New requirements will allow Scottish seed potatoes back into the Northern Irish market from 30 September, it has been confirmed.
Following the Windsor Framework, Minister of State at Defra Lord Benyon said that previously banned seed potatoes will be able to move from GB to NI as they do in the rest of the UK.
Those moving seed potatoes will be inspected and approved by an authority annually which will allow traders to print and apply the plant label themselves, he said.
Prior to the UK leaving the European Union, Scottish seed potatoes were a crucial import for markets in Northern Ireland and the continent.
More than 75 percent of Britain's seed potato exports comes from Scotland, with the country exporting seed to 18 EU countries in 2020/21.
However, since January 2021, Scottish farmers have been unable to export seed potatoes to NI and the EU because of changes in trade regulations.
Gordon MP Richard Thomson has welcomed the 30 September date confirmation, but he reacted 'with disbelief' that the UK government hasn’t raised the issue of exports to the EU since March.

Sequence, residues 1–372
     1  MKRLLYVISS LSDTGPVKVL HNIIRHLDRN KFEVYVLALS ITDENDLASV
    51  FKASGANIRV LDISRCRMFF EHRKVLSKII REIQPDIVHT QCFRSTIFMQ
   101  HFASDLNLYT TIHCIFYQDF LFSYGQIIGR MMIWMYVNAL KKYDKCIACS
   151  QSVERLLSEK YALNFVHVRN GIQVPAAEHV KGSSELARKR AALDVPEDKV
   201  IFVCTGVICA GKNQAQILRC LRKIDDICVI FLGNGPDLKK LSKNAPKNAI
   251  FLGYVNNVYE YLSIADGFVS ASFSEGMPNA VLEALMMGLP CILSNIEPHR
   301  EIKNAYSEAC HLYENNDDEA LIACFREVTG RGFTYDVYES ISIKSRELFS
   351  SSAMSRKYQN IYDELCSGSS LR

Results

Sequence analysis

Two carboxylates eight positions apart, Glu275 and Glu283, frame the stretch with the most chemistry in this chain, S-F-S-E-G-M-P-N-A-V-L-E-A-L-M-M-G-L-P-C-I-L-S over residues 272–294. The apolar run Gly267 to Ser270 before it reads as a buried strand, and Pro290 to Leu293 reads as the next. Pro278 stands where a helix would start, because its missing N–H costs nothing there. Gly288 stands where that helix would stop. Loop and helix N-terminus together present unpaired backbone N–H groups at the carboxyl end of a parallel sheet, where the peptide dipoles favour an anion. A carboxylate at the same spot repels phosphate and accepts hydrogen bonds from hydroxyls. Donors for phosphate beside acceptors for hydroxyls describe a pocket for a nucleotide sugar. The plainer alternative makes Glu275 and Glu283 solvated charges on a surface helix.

The SNP MP said: “Having a date for the resumption of seed potato exports to Northern Ireland is undoubtedly welcome and provides certainty where previously there was none.
“However, the admission from Defra that the issue of lifting the ban on exports to the EU has not been discussed for nearly six months is absolutely astounding.
"I worry that it provides an indication of the importance – or lack of – that the UK government attaches to restoring Scottish seed potatoes – renowned the world over for their high quality – to their rightful export markets."
He said it was 'simply unacceptable' that producers across Scotland have had to endure the disruption of being able to get seed potatoes into another part of the UK.
"We find Defra has effectively been asleep at the wheel for months when it should have been driving the negotiations to get our markets back," Mr Thomson added.